Fake degrees are now sold on the Internet. A few U.S. schools are suing the company.

Web site sells Ryerson degrees

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By Emily Yearwood


There’s a new solution for Ryerson students who crave a degree, but don’t want to earn one. The only problem is, it’s probably illegal.

College-Degrees.to1999, an Internet-based company, advertises fake university degrees and transcripts for $250 each. When students visit the company’s Web site, www.college-degrees.to, they can browse a list of more than 2,000 universities and colleges, including York University, the University of Toronto, and yes, even Ryerson.

Students can send an email to the address listed and then wait for a response.

According to the site, “these degrees and certificates are extremely realistic in every aspect.”

The fake documents include stickers — which are removable — identifying them as novelty items.

A U of T official recently alerted Ryerson registrar Keith Alnwick to the site. The official told him several U.S. schools are taking the company to court.

Alnwick says he won’t seek legal advice yet, although that would change if someone tried to use a falsified Ryerson document. “That would be an instance of fraud in academic court and that would be pursued with full vigour,” Alnwick said.

Ryerson v.p. academic Dennis Mock didn’t know about the site until it was brought to his attention by The Eyeopener. He says he will raise the issue with a lawyer this week.

Sue Bloch-Nevittee, U of T’s director of public affairs, says the company is violating her university’s trademark on its name and crest. The university’s lawyers are looking into the matter and they will consider using a cease-and-desist order.

“We would not take kindly to the notion of anybody creating a novelty document based on our degree,” she said.

The company’s site says, “All of our Degree’s [sic] comply with the 1983 novelty document act.” But after an extensive search, Sue Barker, a reference librarian from U of T law library, failed to find any such law in Canada, the United States or Britain.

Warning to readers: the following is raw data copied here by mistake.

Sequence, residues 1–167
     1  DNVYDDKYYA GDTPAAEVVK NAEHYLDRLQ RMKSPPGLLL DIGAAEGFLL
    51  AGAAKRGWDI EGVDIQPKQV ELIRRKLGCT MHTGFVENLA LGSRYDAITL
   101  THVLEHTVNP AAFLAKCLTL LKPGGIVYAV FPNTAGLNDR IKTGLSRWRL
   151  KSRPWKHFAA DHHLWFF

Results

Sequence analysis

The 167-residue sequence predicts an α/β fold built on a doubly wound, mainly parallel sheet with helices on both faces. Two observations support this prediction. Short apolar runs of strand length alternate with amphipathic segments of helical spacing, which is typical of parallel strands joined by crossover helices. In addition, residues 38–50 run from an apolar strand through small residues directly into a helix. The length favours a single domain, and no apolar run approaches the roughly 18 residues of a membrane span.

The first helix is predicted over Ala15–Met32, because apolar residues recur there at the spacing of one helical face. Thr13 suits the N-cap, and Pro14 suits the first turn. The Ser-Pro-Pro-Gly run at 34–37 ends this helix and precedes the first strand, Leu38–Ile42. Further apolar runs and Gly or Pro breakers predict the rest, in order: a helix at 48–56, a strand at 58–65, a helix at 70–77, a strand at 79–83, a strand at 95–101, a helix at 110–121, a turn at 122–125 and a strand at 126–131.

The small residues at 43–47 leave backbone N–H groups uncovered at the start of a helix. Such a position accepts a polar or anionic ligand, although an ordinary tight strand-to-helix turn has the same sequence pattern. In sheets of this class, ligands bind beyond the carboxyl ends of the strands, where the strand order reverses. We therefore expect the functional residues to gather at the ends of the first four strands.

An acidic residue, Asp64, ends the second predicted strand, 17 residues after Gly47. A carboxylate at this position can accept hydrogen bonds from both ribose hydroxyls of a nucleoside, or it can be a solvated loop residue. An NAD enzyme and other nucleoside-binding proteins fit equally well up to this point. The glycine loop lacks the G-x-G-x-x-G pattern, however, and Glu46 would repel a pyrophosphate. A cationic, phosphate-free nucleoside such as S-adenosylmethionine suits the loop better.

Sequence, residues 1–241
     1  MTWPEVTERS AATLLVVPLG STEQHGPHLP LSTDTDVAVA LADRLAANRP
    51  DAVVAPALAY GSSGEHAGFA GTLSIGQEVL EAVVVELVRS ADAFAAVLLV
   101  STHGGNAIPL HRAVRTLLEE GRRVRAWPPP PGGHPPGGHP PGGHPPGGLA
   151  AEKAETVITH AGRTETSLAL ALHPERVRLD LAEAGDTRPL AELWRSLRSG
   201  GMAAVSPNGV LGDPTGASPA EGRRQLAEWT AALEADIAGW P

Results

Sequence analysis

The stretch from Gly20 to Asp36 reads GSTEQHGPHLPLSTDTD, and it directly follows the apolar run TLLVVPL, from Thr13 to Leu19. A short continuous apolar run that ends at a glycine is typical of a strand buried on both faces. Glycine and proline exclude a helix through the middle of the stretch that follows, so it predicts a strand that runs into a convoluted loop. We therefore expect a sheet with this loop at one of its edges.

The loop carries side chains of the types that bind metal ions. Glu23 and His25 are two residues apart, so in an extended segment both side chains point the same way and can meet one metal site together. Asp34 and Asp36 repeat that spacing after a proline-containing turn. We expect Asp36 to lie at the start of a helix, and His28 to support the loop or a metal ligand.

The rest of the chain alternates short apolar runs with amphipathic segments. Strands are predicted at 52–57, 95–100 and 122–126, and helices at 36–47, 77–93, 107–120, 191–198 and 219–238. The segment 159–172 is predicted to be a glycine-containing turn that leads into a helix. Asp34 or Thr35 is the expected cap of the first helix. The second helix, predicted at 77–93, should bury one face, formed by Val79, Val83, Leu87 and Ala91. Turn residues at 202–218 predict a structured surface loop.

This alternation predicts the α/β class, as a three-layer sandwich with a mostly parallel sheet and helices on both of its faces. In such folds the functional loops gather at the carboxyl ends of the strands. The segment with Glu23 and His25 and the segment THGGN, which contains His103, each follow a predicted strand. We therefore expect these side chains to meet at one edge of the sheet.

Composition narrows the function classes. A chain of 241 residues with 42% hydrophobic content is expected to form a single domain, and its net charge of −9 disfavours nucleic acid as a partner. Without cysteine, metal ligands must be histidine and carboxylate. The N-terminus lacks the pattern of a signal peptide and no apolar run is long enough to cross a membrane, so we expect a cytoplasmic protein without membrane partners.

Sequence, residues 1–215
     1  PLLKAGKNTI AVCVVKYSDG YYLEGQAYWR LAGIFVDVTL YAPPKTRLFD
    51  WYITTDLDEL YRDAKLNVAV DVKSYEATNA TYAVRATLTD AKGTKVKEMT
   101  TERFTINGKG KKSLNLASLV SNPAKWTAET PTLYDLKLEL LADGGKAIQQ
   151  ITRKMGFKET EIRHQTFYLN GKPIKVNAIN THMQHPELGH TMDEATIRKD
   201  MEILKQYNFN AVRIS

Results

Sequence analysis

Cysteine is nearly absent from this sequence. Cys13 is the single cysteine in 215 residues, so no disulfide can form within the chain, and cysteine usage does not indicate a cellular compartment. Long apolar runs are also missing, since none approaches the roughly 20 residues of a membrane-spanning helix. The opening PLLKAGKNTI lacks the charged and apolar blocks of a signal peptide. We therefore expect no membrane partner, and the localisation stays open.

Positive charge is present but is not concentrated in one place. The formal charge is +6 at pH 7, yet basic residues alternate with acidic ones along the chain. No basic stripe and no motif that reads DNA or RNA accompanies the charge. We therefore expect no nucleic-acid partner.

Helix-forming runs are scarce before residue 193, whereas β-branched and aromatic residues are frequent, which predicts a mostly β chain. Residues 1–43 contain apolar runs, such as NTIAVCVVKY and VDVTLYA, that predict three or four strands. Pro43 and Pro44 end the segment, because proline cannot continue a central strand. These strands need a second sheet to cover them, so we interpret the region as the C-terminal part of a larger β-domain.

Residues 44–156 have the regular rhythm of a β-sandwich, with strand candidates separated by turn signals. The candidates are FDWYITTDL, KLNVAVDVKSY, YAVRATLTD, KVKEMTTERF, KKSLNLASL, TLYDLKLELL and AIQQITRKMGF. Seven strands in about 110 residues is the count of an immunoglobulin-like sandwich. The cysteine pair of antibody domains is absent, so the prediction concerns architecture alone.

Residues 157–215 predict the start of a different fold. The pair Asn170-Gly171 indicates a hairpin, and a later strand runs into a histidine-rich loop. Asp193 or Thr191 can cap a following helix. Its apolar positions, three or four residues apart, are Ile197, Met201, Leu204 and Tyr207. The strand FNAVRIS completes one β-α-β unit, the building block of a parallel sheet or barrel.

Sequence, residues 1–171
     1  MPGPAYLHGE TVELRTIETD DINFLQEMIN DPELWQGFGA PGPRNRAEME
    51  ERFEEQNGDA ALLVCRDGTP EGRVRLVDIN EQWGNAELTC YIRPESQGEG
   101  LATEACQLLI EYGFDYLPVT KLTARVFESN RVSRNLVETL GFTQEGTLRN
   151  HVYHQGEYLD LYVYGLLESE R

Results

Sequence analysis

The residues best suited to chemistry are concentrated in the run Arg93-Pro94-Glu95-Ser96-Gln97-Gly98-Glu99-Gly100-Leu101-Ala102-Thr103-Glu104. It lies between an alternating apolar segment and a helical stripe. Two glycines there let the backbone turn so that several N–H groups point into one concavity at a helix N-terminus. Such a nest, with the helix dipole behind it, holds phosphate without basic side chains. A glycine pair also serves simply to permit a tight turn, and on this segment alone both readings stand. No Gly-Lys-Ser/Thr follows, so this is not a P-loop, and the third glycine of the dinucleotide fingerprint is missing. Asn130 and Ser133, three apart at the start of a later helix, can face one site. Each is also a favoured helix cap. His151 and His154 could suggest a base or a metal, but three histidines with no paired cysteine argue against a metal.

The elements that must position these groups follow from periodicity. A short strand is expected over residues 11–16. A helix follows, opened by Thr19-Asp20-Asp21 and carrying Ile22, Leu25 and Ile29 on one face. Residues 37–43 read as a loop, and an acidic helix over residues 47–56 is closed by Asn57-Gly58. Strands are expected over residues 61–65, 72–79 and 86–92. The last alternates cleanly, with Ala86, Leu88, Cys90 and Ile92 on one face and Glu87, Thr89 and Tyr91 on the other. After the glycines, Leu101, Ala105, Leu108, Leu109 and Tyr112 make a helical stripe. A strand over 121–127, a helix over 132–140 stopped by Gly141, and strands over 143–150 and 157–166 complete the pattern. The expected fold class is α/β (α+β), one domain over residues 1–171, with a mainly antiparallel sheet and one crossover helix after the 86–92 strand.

Bloch-Nevittee says that means the company’s actions aren’t protected in Canada.

“If the company is based on the Internet and it [the Web site] can be read and business can be done in Canada, it could be in violation of trademark laws in Canada,” she said.

The site also says the company’s logo is a registered trademark of Canadian Document Suppliers. But Janet Aitken, advertising manager for Xerox Canada Ltd., says she had never heard of the company.

Database searches of registered companies in Canada, the United States and Britain failed to find a company with a similar name.

Even more mysterious is the fact that the Web site is hosted by an Internet domain in the South Pacific. College-Degrees.to1999’s Web site is administered by Tonic, the official Internet service provider [ISP] of the Tonga Islands, a tiny nation east of Fiji.

Tonic is one of the few ISPs in the world that will not divulge its clients’ identity. In a phone interview from his office in Tiburon, Calif., Tonic v.p. communications Bob Cullinan, says his clients appreciate the anonymity provided by Tonic’s .to domain.

“If you have a .com [address], anyone can find out who you are,” he said. About half of the company’s clients are American, he said, and the rest are scattered around the world.

The Web site’s company could not be reached for comment because it’s identity was protected.

Jordan Worth, and Internet analyst, for International Data Corporation Ltd., says although it’s sometimes possible to get tight-lipped ISPs to identify their clients, some locations such as Tonga are nearly untouchable. “If it’s in Tonga, it’s pretty unlikely you’ll get the help of local authorities,” he said.

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